Fry - today known as the American Schindler, a reference to Oscar
Schindler, who saved 1200 Jews during the Holocaust - only
recently began to win widespread recognition and his exploits are
just coming to light. During World War II
this quiet, faintly absent-minded American hero risked his life to save the heart and soul
of Europe during the Holocaust
and helped numerous writers, artists and thinkers escape
the Nazis. One of the great men of the twentieth century, a Scarlet
Like Schindler Varian Fry also had a list of life,
including 200 of the brightest names in art, science, literature and
medicine. Among those on Fry's list were painters Marc Chagall, Bernard Reder and Andrè Masson,
Nobel laureate physiologist Otto Meyerhof, mathematician Jaques
Hadamard, writers Franz Werfel, Hannah Arendt, Heinrich Mann and
Lion Feuchtwanger, sculptor Jacques Lipchitz, the hebraic scholar
Oscar Goldberg, Max Ernst, Konrad
Heiden, Hans Habe, Wanda Landowska, and many more.
At great personal risk, Varian Fry set up contacts with the French Resistance and the
Corsican mob, hired forgers, bribed border guards, and he personally
escorted Franz Werfel and Heinrich Mann over the Pyrenees - his
rescue efforts made an indelible influence on our culture.
But unlike Oscar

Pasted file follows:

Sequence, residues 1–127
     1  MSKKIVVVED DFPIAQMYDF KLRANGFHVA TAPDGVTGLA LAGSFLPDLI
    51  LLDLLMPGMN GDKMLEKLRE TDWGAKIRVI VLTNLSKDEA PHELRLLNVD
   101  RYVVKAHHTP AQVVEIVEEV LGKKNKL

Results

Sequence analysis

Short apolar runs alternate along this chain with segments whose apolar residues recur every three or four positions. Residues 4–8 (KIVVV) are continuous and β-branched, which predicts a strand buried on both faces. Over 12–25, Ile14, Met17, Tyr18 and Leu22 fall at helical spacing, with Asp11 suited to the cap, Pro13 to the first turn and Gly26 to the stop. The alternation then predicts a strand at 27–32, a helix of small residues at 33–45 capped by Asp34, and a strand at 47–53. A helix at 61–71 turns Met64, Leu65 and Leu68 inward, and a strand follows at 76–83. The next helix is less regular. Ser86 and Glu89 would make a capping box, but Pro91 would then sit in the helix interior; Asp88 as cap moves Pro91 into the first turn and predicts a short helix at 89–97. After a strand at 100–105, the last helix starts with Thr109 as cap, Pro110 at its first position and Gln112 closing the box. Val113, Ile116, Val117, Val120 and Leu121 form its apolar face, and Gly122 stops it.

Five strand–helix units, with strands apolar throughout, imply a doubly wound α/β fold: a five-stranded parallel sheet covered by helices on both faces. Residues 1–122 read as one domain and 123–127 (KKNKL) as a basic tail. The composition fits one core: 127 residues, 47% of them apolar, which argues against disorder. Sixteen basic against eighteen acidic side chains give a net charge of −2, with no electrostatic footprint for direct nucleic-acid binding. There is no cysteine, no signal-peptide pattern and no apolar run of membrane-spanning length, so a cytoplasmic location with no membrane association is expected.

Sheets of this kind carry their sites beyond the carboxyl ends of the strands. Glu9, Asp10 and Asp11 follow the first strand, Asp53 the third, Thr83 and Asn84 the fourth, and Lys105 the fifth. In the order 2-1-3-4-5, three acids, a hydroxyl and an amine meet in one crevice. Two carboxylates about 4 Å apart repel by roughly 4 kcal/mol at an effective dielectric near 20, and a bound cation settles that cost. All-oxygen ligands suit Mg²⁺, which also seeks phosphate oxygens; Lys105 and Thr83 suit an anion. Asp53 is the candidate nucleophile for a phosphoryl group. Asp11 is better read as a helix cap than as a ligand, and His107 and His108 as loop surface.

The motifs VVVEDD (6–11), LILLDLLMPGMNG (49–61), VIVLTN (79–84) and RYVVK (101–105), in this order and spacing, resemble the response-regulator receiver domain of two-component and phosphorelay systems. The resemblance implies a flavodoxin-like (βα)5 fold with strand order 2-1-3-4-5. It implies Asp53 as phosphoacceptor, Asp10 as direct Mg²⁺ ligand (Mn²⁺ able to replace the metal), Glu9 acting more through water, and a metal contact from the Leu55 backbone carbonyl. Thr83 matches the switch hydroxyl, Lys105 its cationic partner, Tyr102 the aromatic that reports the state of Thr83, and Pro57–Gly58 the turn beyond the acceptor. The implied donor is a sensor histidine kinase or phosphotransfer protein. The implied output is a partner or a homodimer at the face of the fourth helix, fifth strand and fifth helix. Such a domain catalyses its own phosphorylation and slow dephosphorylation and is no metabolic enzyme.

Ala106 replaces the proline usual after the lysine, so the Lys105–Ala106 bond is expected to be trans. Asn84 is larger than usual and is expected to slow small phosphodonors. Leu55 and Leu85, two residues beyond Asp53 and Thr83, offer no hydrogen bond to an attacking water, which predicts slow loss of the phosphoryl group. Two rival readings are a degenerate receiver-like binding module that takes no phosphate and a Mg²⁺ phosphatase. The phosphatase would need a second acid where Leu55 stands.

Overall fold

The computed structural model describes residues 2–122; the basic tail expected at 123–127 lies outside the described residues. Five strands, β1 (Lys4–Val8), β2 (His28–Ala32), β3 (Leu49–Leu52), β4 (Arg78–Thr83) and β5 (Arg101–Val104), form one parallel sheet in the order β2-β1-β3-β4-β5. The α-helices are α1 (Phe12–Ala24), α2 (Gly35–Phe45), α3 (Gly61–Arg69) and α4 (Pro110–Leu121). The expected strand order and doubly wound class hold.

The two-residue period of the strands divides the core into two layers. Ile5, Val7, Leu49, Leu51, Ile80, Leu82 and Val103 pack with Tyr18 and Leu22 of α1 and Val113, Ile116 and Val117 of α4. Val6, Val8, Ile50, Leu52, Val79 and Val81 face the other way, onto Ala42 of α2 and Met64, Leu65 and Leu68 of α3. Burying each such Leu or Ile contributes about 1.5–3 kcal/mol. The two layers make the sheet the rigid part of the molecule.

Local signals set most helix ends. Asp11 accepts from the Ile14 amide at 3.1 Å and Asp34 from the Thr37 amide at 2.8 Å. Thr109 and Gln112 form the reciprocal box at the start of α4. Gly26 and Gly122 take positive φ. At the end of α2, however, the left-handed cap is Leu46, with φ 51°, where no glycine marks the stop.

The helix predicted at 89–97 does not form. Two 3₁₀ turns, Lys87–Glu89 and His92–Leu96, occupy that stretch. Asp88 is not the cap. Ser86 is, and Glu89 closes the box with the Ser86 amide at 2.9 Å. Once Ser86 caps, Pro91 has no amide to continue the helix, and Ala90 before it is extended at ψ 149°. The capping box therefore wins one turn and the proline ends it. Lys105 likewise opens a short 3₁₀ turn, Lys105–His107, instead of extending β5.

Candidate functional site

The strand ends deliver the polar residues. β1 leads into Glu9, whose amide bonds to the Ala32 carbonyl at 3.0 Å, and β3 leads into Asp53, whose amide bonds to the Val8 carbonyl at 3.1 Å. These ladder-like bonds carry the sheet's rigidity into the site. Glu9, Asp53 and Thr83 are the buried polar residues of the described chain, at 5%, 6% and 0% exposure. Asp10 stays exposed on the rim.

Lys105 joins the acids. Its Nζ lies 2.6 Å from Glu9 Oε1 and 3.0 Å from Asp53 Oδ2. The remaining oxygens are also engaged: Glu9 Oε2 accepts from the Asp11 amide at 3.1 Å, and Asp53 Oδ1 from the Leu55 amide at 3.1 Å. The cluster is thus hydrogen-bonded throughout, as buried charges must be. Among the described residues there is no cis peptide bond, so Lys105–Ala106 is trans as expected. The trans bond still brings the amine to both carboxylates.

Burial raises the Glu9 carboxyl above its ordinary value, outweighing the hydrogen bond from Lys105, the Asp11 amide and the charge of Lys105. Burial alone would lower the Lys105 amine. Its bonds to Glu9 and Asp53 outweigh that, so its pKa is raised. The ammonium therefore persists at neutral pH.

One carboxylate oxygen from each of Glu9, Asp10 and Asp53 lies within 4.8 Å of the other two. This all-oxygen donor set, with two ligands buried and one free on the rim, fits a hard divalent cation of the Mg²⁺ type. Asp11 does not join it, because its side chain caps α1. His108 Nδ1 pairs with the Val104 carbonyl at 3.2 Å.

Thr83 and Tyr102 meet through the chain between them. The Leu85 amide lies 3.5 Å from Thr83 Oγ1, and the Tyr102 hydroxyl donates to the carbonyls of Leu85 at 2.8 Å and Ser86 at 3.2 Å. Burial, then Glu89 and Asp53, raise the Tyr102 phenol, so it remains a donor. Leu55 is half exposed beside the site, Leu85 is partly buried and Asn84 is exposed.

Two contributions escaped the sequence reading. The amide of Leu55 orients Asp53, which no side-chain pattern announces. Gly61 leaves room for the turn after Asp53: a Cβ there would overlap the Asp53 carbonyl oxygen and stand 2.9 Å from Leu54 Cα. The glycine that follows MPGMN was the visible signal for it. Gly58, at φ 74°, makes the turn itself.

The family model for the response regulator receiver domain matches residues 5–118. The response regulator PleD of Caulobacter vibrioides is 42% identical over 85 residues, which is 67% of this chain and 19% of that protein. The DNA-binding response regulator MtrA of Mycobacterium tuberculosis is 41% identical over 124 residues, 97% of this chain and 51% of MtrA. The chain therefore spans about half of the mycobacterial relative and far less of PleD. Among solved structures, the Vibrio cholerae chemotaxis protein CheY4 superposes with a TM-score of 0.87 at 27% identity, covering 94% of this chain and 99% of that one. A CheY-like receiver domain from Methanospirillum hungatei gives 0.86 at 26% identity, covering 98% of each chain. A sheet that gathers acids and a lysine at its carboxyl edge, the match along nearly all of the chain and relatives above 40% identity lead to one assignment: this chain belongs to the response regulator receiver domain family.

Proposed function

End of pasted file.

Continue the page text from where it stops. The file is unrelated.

Schindler, whose story became a best-selling book
and an Oscar-winning movie, the legacy of Varian Fry is little known
and his courageous acts went largely ignored for years.
The Holocaust survivor Elie Wiesel - Nobel Prize For Peace recipient,
teacher, sage, activist, humanitarian - has dedicated his
life to ensuring that none of us forget what happened to the
He has taught us that we must not forget - that there is no greater
sin than that of silence and indifference. He wrote:
is a passion no less powerful or pervasive than love. What does it
mean to remember? It is to live in more than one world, to prevent
the past from fading and to call up the future to illuminate it. It
is to revive fragments of existence, to rescue lost beings, to cast
light on faces and events and to drive back the sands that cover the
surface of things, to combat oblivion and to reject death ...
those times there was darkness everywhere. In heaven and on earth,
all the gates of compassion seemed to have been closed. The killer
killed and the Jews died and the outside world adopted an attitude
either of complicity or of indifference. Only a few had the courage
to care ..."
One of them was Varian Fry. According to Yad
Vashem The Holocaust Martyrs' and Heroes' Remembrance Authority
it is estimated that Fry and his team dealt with some 15,000 cases by May
1941. Of these, assistance was provided to approximately 4,000
people, over 1,000 of whom were smuggled from France in various ways.
When asked as to his motives, Varian Fry responded that when he had
visited Berlin in 1935, he saw SA men assaulting Jews in the city's
streets, and he felt
he could no longer remain indifferent. When he returned to US he
decided to act:
remembered what I had seen in Germany. I knew what would happen to
the refugees if the Gestapo got hold of them ... It was my duty to
help them ... Friends warned me of the danger. They said I was a
fool to go. I, too, could be walking into the trap. I might never
come back alive."
the age of 32 Varian Fry had found his vocation ...